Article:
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Ecological Framework of Canada
Boreal Plains Ecozone

Human Activities

  1. Exploration
  2. Potential Oil Development
  3. Farming/Ranching
  4. Forestry

The Boreal Plains entered the history books as a gateway to the great northwest interior of North America. Trading companies established posts along the major rivers at such sites as The Pas and Cumberland House. But the most significant impact on the ecozone was the fur trade. Bison was hunted, first for its meat, which was consumed by fur traders in the 1780s, and then for its hides, which were sold to the North American fashion industry. Thousands of bison were killed each year, leading to the virtual elimination of free-roaming bison by the 1880s.

Development accelerated greatly after 1870, when the Hudson's Bay Company surrendered its charter and sold Rupert's Land, which included the entire Boreal Plains Ecozone, to Canada. As a means of securing the area from potential expansion of the United States, Canada encouraged land development. Much of the arable land was occupied in the years following the completion of the transcontinental railway in 1885, which also introduced coal mining. With the settlement of the prairies came demand for lumber. Nearly half the ecozone is occupied by productive forests. Logging was concentrated in the southern fringes and, by 1900, large sawmills were in operation.

Demand for petroleum products early in the 20th century led to the discovery of the substantial oil and gas reserves in Alberta, where they have been a focal point of the economy for the last 50 years. In Manitoba and Saskatchewan, meanwhile, several hydro-electric power plants were built.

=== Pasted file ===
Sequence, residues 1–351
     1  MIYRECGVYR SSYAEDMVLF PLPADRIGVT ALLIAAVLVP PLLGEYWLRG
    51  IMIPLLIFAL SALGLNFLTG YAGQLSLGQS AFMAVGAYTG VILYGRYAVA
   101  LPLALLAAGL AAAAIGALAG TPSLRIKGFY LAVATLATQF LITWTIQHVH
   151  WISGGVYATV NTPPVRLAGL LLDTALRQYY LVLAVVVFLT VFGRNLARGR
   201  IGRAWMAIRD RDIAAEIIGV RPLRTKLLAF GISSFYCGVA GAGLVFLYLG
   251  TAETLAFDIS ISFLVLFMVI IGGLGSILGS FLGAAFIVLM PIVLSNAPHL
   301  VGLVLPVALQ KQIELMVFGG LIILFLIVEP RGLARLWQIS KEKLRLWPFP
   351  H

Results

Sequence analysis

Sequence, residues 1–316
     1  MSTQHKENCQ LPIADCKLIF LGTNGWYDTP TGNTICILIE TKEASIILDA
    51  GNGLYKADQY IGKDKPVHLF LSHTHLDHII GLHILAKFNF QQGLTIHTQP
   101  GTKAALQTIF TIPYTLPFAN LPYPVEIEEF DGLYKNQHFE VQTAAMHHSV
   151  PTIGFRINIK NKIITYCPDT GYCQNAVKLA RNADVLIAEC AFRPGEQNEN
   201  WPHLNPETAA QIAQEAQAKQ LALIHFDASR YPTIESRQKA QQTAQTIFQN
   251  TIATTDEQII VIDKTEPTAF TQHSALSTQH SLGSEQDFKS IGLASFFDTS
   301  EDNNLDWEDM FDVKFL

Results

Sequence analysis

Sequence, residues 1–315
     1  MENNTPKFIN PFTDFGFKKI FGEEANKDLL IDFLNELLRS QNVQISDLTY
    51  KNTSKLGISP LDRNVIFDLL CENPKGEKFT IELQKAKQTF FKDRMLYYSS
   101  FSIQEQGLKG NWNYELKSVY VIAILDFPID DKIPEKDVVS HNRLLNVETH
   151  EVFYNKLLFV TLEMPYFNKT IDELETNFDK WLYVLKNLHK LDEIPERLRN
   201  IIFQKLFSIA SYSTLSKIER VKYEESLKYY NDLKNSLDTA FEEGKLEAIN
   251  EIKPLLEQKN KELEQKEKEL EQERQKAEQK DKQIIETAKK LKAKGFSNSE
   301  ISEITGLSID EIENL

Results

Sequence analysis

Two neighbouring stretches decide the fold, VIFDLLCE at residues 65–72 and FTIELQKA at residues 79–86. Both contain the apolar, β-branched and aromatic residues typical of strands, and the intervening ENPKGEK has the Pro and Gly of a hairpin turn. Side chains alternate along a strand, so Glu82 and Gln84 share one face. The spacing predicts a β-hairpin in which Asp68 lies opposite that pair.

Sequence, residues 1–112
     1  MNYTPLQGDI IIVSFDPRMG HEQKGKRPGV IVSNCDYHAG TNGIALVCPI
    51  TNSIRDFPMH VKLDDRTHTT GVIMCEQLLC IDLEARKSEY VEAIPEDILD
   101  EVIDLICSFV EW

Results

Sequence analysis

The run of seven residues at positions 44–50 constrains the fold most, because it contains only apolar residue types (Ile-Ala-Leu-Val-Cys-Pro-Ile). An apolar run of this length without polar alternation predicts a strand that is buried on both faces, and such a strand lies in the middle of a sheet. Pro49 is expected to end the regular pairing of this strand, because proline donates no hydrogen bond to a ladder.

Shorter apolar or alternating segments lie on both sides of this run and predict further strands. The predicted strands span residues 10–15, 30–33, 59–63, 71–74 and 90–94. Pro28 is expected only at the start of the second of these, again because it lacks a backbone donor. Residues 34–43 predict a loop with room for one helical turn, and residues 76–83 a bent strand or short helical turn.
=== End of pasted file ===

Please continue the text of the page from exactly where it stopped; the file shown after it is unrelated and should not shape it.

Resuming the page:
Today, only about 700 000 people, many of them relatively young, live in the ecozone. Despite rapid urban development over the past two decades, just 40% live in major cities. Most municipalities are relatively small compared with those of the Prairie Ecozone.

The most recent major development is the increased use of forests. Between 1951 and 1991, forest harvests increased by 82%. Agriculture has also become a more visible influence. Farmland has increased by 8% over the last 20 years, but still occupies less than 10% of the Boreal Plains. Agricultural activities are dominated by wheat, pasture and rangeland.

The economic structure of the ecozone reflects a relatively high dependence on the service sector, which employs 65% of the labour force, and the primary industries. Over the past century, much of the ecozone has been put to use harvesting natural resources. Forestry predominates, along with agriculture, oil and gas development, hydro-electric power generation, fisheries and mining. The First Nations of the ecozone are tied tightly to traditional places of spiritual significance and ancient burial grounds. They use the ecozone's forests as both their home and workplace. Wildlife is particularly valuable to those who rely on hunting, trapping, and fishing as a primary source of food.